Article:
As published by Keith Laing in The Hill.
Amtrak vote bumped by DHS bill
The House has pushed back a vote on a nearly a nearly $8 billion funding bill for Amtrak that was scheduled for a final taplly on Tuesday.
The measure, which provides Amtrak about $1.7 billion per year for the next four years, was bumped by a controversial vote on a funding measure for the Department of Homeland Security.
The House is now expected to vote on the Amtrak funding bill on Wednesday.
The Amtrak funding measure provides about $982 million per year for the company’s national network and another $470 million annually for its popular Northeast U.S. routes.
The bill, which would expire in 2019, appropriates another $300 million per year for construction on Amtrak routes in the rest of country and about $24 million per year for the company’s inspector general.
Since its inception in 1971, Amtrak has historically received about $1 billion per year from the government for operations and construction projects, but some Republicans have pushed in recent years to privatize the company’s most profitable routes in the Northeast U.S.
The privatization effort was defeated by a combination of Democrats and Republicans who represent suburban districts in the Northeast and Midwest, where Amtrak and other commuter railways are popular.
The Amtrak funding measure that is now scheduled to come to the House floor on Wednesday, which is known as the Passenger Rail Reform and Investment Act (PRRIA), contains none of the controversial privatization language.
The measure has still drawn opposition from the conservative Heritage Action group, which has argued that the federal rail funding should be eliminated.
“Amtrak has failed to respond to congressional mandates for decades, and there is little reason for that to change under H.R. 749,” Heritage Action wrote in a blog post on its website.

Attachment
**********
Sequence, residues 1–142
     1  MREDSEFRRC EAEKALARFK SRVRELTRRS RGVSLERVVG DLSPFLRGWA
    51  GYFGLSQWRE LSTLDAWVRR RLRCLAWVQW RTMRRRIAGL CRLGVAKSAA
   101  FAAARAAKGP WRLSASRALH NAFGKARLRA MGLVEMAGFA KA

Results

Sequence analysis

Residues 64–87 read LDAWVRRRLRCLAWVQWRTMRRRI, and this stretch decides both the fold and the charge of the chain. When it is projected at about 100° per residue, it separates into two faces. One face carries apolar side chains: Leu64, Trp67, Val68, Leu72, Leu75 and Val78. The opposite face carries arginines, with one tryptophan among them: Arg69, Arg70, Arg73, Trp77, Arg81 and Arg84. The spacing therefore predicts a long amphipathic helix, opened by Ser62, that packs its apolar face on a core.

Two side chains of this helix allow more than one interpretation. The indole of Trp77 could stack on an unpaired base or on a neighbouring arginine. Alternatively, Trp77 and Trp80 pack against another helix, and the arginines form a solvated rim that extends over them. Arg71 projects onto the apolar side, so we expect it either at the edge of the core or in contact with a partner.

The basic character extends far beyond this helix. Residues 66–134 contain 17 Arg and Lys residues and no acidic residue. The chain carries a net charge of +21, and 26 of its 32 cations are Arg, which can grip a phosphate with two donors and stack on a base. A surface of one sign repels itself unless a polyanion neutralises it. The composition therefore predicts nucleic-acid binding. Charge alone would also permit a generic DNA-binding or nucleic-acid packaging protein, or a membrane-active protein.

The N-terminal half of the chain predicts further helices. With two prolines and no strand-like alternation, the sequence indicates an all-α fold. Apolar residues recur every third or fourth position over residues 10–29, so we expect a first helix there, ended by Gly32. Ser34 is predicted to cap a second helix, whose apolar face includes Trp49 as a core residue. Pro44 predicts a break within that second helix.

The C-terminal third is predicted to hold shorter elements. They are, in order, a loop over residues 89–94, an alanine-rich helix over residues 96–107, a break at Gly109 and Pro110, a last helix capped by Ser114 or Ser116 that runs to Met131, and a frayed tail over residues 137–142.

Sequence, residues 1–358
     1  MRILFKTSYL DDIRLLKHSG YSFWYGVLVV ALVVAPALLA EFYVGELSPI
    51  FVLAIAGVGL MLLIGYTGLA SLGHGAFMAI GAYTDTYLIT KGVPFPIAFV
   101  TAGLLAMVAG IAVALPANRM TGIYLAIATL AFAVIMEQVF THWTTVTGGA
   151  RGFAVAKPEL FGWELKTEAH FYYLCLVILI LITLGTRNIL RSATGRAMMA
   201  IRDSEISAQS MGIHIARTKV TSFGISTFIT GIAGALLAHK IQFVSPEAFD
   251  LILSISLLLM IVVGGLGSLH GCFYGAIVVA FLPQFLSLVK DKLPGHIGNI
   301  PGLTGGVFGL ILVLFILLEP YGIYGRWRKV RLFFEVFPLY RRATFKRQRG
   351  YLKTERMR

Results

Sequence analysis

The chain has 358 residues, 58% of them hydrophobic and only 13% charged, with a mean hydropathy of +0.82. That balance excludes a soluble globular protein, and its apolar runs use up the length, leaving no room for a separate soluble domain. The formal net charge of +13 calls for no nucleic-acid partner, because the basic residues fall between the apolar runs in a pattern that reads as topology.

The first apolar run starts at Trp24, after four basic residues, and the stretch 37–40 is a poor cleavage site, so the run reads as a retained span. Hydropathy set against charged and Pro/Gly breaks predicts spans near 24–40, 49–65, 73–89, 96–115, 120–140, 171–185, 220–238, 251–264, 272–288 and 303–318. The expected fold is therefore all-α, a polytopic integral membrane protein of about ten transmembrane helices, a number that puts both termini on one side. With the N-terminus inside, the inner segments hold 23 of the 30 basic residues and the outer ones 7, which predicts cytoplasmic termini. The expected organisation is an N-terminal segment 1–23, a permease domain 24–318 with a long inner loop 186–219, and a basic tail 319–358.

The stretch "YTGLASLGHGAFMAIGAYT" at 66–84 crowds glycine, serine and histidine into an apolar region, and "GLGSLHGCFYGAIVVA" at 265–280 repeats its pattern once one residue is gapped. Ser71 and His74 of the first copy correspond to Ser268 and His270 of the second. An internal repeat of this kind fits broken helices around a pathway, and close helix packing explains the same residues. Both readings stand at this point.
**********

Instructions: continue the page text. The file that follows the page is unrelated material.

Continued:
“If lawmakers want to provide quality, reliable service without burdening taxpayers they should seek to privatize Amtrak, ending federal subsidies altogether,” the conservative group continued.
Labor groups have meanwhile come out in support of the Amtrak funding measure, arguing that the federal government needs to support the development of railways in the U.S. as much as possible.
“PRRIA reauthorizes Amtrak for the next four years, makes certain improvements to rail infrastructure, and provides greater certainty to Amtrak and its employees as they implement long-term modernization plans,” AFL-CIO Transportation Trades Department President Ed Wytkind said in a letter to lawmakers.
“The bill also authorizes an additional $300 million for the Intercity Passenger Rail Program – to be split between the Northeast Corridor and other national routes – that will help strengthen our national passenger rail network and create more diverse and reliable travel options for the public,” Wytkind continued. “The bill also codifies Buy America standards for the purchase of Amtrak’s rolling stock and track improvements through the established RRIF financing provisions.”
Wytkind added it was equally important what the Amtrak funding bill does not do.
“Most importantly, PRRIA rejects wrongheaded reform proposals to privatize Amtrak, break up the operation, and outsource good middle-class jobs,” he wrote. “In doing so, the legislation affirms the need for a national Amtrak system as part of America’s interconnected transportation infrastructure.”